Argo (Warner Bros., 2012)

Argo is a newly released movie from Ben Affleck. The film is based on the evacuation of six American embassy workers in Tehran, Iran during the revolutionary takeover of the embassy in the late 1970’s. What makes this film different than most docu-dramas is that the historical facts would not be plausible if merely written by Hollywood.

The six workers escaped the embassy during the takeover and hid out with allies. Tony Mendez of the CIA concocted a fanciful cover story that allowed him to fly the workers out of the country in full view of the the Iranian Revolutionary Guard. After Mendes created a backstory in Hollywood, he assigned movie production roles to each of the workers.

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Jimmy Carter congratulates Antonio Mendez on the successful Operation Argo in 1980. (U.S. Government)

The acting and the action are both excellent. Viewers will be fully engaged in what is transpiring on the screen. The only possible complaint with this part of the movie is that Affleck played the lead role of Mendez. The other characters had uncanny resemblances to the actual people involved. Mendez, a Latin American, was played by the Bostonian Affleck. He performed well as did the entire cast. This includes some of the minor characters especially the woman who played the Iranian housekeeper.

The audience that we were a part, was primarily people of an age who recalled the Iranian hostage crisis more than thirty years ago. I would hope that the under forty crowd will take in this movie so that they can have a better grasp of the events that we are facing today.

Our audience in Boynton Beach, FL was comprised of a high percentage of Jewish viewers. That should not surprise anybody since the Iranian government continues to pose a serious threat to the nation of Israel. In fact, the theater erupted in applause near the end of the movie and at the end.

As with any two hour presentation of real events for dramatic effects, some details of history were merged together. But from all I have read, the story stayed exceptionally true to the facts. The viewer gets a great glimpse into the Iranian streets, horrors and the steeled character of those who disagreed with their government. During the credits, news clips are placed beside movie clips to show the great similarities.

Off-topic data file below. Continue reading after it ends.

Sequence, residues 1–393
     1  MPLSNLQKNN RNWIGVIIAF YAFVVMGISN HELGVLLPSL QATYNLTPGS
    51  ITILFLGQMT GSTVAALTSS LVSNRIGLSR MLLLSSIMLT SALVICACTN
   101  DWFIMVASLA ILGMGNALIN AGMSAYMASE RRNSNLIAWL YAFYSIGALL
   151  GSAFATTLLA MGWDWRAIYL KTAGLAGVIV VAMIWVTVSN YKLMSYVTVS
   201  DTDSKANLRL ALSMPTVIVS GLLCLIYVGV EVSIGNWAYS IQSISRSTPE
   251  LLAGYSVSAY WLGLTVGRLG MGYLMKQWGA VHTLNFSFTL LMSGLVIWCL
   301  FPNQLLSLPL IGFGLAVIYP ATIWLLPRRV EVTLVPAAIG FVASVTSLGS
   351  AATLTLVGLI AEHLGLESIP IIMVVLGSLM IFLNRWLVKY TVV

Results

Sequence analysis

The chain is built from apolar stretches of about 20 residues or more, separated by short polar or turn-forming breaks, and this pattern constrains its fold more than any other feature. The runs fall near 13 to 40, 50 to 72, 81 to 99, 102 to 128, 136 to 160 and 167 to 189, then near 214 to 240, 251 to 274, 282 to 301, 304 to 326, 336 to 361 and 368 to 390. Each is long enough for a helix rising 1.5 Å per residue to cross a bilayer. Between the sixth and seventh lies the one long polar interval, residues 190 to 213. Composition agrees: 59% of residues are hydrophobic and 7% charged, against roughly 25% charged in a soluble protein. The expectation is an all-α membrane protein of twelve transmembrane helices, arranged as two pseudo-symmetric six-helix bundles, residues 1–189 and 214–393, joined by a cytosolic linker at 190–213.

An important lesson for American viewers is to consider that we do not and cannot always know the details of what our government may be doing on behalf of our security. President Carter and his administration are generally characterized as inept in the dealings with our enemies. Valid reasons for this characterization exist. However, neither Carter nor the CIA could publicize this successful mission at that point in history.

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Embassy Workers Meeting with President Carter. (White House photo)

One final note – the embassy workers in real life seemed to buy into the cover story of being a Hollywood production team. When one of the workers viewed the movie at it’s premiere, he made this comment,

The film’s biggest shock? The voice over from Jimmy Carter at the end. In comments about the incident that I had never heard before, Carter says our chance of success was 50 percent. 50?! I thought it was much higher. Another gut check. Would we have gone with Tony at 50 percent?

I’ll never know.

Mark Lijek in “I Was Rescued From Iran

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